How Do We Produce Innovators

Innovation is important for progress. To be competitive, we need to become more efficient and make what we produce more valued. Breakthroughs are primarily driven by individuals who can innovate. But how exactly can a society increase its number of innovators. Researchers at the Equality of Opportunity Project have examined the lives of about a million inventors in the United States of America to tease out the necessary ingredients for a country to produce innovators. They find that inventors are more likely to come from those who score high in third grade math and from wealthy families.

Above copied from
Bell et al. (2017). Who Becomes an Inventor in America?The Importance of Exposure to Innovation.

The graph above reminds us of what mathematician Alfred North Whitehead said in The Aims of Education, and other essays:
"…inventive genius requires pleasurable mental activity as a condition for its vigorous exercise. ‘Necessity is the mother of invention’ is a silly proverb. ‘Necessity is the mother of futile dodges’ is much nearer the truth. The basis of the growth of modern invention is science, and science is almost wholly the outgrowth of pleasurable intellectual curiosity...."
Indeed, we find much more inventors in developed countries than in developing ones. And the data above on inventors in the United States point out that of those who score at the 95 percentile of a standardized 3rd grade math test are more than two times more likely to become inventors if they are likewise coming from a wealthy family.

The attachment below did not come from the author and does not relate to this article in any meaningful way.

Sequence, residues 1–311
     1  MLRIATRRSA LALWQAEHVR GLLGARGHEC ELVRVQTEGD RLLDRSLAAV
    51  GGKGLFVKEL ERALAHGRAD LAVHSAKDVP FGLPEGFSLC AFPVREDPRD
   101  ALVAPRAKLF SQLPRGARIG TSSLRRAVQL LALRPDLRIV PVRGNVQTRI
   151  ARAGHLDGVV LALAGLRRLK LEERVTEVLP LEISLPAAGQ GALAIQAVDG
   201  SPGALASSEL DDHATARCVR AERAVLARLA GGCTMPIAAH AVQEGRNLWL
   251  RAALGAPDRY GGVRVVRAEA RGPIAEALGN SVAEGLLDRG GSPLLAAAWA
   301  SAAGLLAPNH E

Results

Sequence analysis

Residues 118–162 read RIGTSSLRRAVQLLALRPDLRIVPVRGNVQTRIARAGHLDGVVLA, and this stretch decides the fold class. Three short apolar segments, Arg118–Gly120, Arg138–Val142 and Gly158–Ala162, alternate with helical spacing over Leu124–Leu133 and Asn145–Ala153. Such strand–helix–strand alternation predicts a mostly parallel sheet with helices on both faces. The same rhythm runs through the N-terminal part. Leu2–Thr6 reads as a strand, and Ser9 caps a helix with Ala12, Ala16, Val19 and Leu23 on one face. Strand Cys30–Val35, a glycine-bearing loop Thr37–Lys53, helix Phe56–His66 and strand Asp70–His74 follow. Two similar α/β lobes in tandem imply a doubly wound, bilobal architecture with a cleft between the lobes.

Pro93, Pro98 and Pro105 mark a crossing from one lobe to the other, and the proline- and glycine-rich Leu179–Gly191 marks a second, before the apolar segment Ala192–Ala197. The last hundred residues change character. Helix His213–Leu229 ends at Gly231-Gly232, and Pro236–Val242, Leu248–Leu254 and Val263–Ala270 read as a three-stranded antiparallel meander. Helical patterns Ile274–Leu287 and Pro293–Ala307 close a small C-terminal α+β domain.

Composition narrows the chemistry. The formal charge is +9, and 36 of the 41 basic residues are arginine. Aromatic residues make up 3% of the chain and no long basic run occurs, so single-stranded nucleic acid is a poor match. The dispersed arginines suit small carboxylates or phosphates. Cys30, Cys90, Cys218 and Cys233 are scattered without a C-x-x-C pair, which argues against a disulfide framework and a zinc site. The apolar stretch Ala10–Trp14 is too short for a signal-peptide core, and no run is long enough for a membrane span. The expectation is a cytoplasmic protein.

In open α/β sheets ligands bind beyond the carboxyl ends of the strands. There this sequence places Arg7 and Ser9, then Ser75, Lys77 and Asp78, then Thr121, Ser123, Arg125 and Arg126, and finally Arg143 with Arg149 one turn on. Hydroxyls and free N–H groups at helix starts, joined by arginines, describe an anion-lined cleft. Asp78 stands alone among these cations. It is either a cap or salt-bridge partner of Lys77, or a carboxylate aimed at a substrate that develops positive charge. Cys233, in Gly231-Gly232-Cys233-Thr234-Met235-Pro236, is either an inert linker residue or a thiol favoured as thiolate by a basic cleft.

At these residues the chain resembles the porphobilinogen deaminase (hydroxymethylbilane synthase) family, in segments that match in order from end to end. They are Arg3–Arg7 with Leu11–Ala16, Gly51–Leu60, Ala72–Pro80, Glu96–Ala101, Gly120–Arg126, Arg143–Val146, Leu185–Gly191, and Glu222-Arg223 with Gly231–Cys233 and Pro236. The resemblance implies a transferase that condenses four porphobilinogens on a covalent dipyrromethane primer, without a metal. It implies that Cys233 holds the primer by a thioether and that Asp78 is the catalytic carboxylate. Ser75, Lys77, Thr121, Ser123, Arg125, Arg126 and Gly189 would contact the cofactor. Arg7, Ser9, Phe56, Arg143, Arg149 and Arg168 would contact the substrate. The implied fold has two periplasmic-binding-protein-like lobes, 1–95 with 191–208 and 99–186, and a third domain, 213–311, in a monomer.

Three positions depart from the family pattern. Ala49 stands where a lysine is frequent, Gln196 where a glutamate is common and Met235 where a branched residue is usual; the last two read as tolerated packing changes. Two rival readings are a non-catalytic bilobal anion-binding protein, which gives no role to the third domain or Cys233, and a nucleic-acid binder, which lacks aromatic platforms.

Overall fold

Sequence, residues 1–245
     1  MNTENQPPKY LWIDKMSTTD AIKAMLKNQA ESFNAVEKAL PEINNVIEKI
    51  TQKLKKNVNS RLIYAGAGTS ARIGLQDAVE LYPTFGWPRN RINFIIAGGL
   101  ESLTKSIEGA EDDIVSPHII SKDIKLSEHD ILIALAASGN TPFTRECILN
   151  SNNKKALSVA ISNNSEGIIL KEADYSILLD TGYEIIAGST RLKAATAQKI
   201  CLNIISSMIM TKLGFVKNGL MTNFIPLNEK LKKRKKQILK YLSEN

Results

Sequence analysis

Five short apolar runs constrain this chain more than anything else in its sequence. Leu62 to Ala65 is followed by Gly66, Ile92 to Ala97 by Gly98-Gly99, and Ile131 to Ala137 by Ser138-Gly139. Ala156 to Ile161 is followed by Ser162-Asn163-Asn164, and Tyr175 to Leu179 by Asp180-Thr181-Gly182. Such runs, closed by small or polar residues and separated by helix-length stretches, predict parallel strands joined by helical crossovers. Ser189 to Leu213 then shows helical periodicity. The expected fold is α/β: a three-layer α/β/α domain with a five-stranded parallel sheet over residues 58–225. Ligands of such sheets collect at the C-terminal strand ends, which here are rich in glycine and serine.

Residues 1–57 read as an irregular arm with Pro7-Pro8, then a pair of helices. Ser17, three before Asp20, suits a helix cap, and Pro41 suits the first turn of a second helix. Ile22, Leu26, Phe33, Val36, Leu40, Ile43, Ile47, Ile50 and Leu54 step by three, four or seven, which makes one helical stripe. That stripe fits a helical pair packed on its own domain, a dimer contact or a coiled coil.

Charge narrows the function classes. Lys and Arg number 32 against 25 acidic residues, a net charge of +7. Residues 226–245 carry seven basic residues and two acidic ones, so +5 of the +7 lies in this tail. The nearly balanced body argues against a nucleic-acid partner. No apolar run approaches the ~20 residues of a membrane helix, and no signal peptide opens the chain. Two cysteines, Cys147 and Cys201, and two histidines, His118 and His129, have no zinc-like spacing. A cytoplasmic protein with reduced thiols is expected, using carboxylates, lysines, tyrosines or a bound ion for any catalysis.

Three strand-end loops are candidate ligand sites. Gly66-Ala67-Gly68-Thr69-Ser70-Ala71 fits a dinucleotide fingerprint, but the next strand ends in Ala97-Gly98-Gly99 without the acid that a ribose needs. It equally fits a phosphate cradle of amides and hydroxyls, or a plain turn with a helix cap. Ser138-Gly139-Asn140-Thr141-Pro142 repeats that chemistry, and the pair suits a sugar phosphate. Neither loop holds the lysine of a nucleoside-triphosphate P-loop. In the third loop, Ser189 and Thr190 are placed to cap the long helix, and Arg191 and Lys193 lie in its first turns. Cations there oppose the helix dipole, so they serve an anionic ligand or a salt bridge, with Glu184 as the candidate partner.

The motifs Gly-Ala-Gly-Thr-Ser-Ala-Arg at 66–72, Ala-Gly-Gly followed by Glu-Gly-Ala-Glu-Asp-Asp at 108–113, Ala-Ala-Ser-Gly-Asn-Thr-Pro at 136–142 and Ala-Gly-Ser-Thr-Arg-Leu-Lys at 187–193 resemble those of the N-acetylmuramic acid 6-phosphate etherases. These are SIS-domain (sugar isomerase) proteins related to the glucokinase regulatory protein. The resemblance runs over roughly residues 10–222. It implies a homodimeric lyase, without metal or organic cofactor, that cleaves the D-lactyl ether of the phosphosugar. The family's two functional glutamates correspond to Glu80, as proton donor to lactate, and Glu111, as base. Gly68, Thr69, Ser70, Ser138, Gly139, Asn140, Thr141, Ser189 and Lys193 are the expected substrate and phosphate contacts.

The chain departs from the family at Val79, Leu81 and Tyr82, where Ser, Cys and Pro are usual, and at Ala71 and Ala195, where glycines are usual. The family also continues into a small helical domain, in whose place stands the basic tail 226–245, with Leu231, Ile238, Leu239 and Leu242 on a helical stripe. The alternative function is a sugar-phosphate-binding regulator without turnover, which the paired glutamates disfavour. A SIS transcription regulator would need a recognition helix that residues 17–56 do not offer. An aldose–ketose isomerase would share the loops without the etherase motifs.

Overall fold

Within any income group, math scores from 3rd to 8th grade can mostly predict who becomes an inventor. These are the years of basic education and doing well in math during this time is perhaps correlated with enjoying mental activity. Unfortunately, gaps in math achievement also exist based on family income. Consequently, a society indeed loses a lot of potential scientists and engineers when most of its children are facing poverty. It is a "catch-22". Innovation requires quality basic education but quality basic education can be provided only with resources. A society that lacks innovation is often poor and therefore unable to provide quality basic education.

The study also finds that innovators produce innovators. Those who are ahead will therefore stay ahead. The Philippines lacks scientists and engineers and unless basic education begins to focus more on math and the sciences to draw more children into "pleasurable but vigorous mental exercise", its economic outlook will remain dim.